Q No I think you said a lot. But also that leads to another thing I wanted to talk about. Is part of the attraction of talking about the past and memories of the past have to do with the fact that our present era is so unwieldy to deal with the present.

A I think that could be true. I think it’s sort of daunting to um, yeah socially sort of incisive work about the present is a pretty daunting task. And I think we’re very skeptical about documentary, anything that professes to be transparent or accurate or even anything that professes to be political is quite difficult. So a most of the work in the show is political, but it’s done at one remove. Which makes it perhaps more um less overwhelming as a project. But I also think and this may not be specifically this show… but the world has changed so much in the past 20 years. I mean since the Berlin Wall came down that it’s like the histories are being made and remade all the time.

And then particularly in relation to sort of what’s happened in the former totalitarian regimes where there was only one version, there was only one political version, one story and of course there were a multitude of stories that were not aviallble, that were not allowed. I think the whole idea of an official version when there are all these grassroots stories have become such a huge issue. And there’s no one in the show I can think of….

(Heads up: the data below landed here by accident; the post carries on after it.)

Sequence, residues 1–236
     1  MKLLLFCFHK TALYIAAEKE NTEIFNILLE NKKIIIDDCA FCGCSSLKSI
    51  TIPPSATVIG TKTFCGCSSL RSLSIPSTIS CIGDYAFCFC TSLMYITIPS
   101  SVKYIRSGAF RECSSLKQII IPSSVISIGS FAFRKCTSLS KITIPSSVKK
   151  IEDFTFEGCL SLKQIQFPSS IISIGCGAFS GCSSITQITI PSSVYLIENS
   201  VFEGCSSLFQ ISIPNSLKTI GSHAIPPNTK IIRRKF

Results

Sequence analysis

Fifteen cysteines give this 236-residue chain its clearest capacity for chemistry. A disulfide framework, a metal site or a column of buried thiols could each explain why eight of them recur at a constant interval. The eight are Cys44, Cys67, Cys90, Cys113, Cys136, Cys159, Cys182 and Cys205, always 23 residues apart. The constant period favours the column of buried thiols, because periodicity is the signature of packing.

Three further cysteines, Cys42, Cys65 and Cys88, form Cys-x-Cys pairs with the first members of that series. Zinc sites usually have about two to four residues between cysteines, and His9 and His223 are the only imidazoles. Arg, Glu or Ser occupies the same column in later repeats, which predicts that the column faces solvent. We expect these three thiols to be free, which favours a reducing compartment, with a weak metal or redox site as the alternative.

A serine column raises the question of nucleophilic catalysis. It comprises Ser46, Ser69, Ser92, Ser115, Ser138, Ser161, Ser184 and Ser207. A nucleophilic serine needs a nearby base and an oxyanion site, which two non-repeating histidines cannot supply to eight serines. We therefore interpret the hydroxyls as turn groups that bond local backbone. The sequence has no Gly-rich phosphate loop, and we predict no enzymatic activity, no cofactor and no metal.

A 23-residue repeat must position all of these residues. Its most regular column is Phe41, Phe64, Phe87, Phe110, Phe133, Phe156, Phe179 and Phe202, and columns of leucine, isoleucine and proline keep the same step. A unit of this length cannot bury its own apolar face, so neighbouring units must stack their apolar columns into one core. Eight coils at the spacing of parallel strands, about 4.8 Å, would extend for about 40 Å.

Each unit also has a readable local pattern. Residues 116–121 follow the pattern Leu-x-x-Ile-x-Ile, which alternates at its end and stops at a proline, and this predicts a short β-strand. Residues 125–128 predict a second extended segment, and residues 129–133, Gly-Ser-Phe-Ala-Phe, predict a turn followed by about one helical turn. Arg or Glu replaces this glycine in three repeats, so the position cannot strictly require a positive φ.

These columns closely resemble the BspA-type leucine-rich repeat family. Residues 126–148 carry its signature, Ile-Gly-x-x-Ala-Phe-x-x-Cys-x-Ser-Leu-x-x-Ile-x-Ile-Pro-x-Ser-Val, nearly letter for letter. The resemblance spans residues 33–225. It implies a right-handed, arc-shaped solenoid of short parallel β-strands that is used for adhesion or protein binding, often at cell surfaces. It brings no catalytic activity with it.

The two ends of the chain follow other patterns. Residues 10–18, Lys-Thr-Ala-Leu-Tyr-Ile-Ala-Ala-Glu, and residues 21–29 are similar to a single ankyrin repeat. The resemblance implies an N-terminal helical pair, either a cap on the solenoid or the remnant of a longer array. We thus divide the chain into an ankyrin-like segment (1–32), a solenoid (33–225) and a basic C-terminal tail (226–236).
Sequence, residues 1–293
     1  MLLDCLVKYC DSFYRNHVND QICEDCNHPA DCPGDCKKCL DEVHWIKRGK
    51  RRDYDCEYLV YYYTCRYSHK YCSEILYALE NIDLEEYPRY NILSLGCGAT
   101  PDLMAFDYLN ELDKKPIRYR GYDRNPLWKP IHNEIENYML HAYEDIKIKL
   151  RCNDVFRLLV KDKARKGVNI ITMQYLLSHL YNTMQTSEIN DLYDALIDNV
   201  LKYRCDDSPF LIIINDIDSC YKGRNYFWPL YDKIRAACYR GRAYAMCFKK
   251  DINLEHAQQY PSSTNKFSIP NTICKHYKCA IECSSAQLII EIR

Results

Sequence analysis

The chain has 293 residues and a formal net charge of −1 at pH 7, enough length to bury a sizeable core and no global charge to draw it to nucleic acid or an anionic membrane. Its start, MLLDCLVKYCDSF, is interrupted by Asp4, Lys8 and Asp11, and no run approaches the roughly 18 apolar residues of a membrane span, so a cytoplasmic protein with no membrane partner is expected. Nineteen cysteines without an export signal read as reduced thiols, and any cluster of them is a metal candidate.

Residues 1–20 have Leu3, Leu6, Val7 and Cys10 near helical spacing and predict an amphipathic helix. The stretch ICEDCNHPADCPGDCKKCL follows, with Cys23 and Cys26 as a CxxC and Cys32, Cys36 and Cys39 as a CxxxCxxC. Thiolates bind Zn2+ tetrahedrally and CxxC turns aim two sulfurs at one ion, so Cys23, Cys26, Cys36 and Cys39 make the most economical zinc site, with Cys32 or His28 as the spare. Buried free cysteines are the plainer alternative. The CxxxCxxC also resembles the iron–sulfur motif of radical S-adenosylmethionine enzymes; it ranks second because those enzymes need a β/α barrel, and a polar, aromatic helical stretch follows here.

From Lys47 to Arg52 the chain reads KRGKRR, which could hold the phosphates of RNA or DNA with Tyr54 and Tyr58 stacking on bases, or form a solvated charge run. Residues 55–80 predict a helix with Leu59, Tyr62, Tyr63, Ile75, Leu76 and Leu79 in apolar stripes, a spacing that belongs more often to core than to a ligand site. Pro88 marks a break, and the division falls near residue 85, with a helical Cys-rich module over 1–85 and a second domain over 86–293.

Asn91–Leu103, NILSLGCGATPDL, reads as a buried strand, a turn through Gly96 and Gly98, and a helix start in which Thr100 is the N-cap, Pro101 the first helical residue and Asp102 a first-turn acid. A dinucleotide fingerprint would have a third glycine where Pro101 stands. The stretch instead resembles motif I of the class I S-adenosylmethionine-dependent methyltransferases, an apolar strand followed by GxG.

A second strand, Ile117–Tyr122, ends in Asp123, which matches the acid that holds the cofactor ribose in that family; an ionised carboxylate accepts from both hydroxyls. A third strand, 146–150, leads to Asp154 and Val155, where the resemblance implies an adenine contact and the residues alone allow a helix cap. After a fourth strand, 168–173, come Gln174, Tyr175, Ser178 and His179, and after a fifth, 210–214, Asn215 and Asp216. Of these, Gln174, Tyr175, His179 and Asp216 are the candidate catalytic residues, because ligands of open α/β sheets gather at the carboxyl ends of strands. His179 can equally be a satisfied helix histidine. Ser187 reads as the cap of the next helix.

Q So the Berlin Wall being evidence that ther’es not just one story. Yeah it’s interesting I think it comes across. Now I know that a lot of the people in this show are in their 30s, so they may not be affected by something that’s in the media a lot these days in regard to memory, which is baby boomer like memory loss, that kind of anxiety about memory, like can I remember that person’s name, stuff like that? How would the show be related to that at all, if at all?

A It is really interesting. Because I’ve been I think some of it might be personal for me. Because I’ve moved around, not a lot but this is the third country for me that I’ve lived in. And I kind of think for me that I have a sense that some of my history has got lost because I don’t see the people that are part of my own personal history. And I’m sure that’s not why I decided to do this show. I don’t know how relevant this might be. But I know when I moved here, I literally knew one person in Toronto. And it felt kind of spooky to be presenting myself as a blank slate to people here without any sense of being part of a bigger memory bank.